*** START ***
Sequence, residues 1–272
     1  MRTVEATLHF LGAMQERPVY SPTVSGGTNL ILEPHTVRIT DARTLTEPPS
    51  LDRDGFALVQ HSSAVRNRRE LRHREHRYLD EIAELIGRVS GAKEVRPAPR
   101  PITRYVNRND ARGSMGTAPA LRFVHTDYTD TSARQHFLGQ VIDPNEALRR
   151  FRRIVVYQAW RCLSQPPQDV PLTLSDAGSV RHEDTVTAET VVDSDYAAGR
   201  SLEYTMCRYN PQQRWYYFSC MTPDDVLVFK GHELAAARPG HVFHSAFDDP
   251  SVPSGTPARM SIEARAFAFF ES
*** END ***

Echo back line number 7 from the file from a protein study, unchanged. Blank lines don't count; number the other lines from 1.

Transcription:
   251  SVPSGTPARM SIEARAFAFF ES